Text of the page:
"It's true," he said. "I did say that. I don't think that anyone tries to imitate me. I was talking with Scorsese and I told him that. Young directors aren't interested in me."

Either Allen is voicing a strange humility, or he really doesn't get it. With that statement he seems not to understand that "When Harry Met Sally" was really a Woody Allen movie, that "Seinfeld" and "Friends" are derived from his work, that "Rhoda" and "The Nanny" wouldn't have been possible without him and neither would have Bette Midler.

Allen's indelible mark is on so much of the culture that it's kind of frightening. But more frightening is that he doesn't know it. "Zelig" and "Purple Rose of Cairo" are often imitated, and there are many versions of "Hannah and Her Sisters" made by subsequent directors.

Maybe he should check out some more modern films like "This Is Spinal Tap," or "The Myth of Fingerprints." Woody's fingerprints are everywhere.

Allen's movies took a turn to the dark side with "Deconstructing Harry," the first of his films that contained four-letter words and miserable people who were simply miserable. "Small Time Crooks" is the lone exception on film, and Allen's pair of one-act plays he produced Off Broadway last spring was a welcome return to form.

But if the pattern continues, soon he'll be right about his influence. And that would be a shame.

Wyclef Jean Brings Home the (Kevin) Bacon

Kevin Bacon (with brother Michael), Patti LaBelle (who performed), Donald Trump, Don King, basketball legend Julius Erving and Denise Rich all turned up for Wyclef Jean's big album-release party on Tuesday night at the Hudson Theatre in Manhattan, hosted, of course, by the legendary Clive Davis, who introduced songs from the new album.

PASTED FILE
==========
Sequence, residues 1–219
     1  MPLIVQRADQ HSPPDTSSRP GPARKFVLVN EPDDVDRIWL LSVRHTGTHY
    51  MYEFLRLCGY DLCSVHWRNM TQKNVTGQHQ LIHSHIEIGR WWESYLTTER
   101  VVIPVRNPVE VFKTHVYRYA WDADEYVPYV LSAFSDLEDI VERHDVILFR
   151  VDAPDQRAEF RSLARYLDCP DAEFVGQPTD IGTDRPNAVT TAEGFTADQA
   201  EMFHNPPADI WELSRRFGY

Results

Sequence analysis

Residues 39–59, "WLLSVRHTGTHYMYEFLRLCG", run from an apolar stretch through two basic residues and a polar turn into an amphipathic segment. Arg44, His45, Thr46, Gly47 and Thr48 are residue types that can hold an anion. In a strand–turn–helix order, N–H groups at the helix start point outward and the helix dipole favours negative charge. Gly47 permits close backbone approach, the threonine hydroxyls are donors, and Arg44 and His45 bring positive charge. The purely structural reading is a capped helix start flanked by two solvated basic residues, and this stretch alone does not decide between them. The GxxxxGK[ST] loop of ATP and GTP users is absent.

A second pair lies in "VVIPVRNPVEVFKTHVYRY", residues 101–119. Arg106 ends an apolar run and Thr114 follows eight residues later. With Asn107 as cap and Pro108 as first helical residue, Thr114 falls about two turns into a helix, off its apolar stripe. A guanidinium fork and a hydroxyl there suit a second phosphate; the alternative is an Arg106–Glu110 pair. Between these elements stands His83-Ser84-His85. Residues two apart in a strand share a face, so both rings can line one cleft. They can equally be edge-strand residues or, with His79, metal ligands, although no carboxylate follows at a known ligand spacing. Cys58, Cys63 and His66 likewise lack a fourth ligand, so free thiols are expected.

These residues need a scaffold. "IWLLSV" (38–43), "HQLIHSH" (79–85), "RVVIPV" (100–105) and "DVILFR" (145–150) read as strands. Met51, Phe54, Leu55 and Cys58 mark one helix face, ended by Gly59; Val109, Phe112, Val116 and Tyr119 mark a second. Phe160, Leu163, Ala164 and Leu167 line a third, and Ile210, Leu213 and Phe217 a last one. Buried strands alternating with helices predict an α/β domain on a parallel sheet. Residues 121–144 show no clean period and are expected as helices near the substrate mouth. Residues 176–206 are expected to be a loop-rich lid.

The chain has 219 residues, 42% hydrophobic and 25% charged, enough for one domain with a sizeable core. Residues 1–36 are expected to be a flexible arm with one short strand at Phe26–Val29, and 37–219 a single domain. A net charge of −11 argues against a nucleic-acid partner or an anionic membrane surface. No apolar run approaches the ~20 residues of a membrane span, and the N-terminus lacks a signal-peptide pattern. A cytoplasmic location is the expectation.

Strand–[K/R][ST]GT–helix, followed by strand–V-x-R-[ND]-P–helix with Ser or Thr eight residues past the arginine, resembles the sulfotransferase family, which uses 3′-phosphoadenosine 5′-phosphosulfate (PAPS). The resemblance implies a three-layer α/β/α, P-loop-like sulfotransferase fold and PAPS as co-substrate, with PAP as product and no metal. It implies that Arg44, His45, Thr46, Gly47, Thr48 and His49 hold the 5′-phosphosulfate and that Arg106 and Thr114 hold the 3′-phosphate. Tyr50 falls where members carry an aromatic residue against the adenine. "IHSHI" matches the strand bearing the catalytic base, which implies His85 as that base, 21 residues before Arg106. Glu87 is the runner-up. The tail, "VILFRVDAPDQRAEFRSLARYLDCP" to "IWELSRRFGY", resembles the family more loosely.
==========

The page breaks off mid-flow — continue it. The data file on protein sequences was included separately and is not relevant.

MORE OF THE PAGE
"The Preacher's Son," Wyclef's first album on J Records, will be released in a couple of weeks by Davis, who rescued Wyclef from Sony/Columbia. If the show Wyclef performed live was any indication, the founder of the Fugees may at last get his recognition as this generation's combination of Stevie Wonder and Bob Marley.

Readers of this column know that I often lavish praise on Wyclef as a musician and a humanist. His mini-show at the Hudson only supports my previous thoughts. A musical savant and linguistic gymnast, Wyclef is a premiere rapper who manages to convey some serious thoughts with important language.

He never, as far as I can tell, resorts to vulgar language to convey a point. His music is all original and not sampled. He plays many instruments and is fluent in several languages. My only fear is that he’s too good for the audience he wants to entertain.

Meanwhile, outside the Hudson Theatre, there was actually a fight. Male model Tyson Beckford — maybe thinking he was another Tyson — got into some kind of altercation with a group of bikers. The police came, the fight dispersed and Beckford presumably didn't miss Wyclef's show.

Jamie Lee Eschews Jimmy Choo

Wasn't that Jamie Lee Curtis in the Beverly Hills branch of Saks Fifth Avenue? She tried on pairs of shoes with high stiletto heels by "in" designer Jimmy Choo, then chucked them. "I'm an adult," she said to the saleswoman. "I can't wear these!" She wound up buying more sensible flats ...

Kim Cattrall, already in Los Angeles for the Emmy Awards, ate dinner with Kelsey Grammer, aka Frasier Crane. They arrived and left separately, so we can guess the conversation may have been about a future project. Could Samantha of "Sex and the City" be paying a visit to Dr. Crane this season? ...

At the Four Seasons Hotel in New York, veteran actor Morgan Freeman had drinks with young upstart Josh Hartnett recently...

And TV Guide may have the most rocking post-Emmy party this Sunday night. They hired one of my favorite groups, Dave Grohl's Foo Fighters, as entertainment.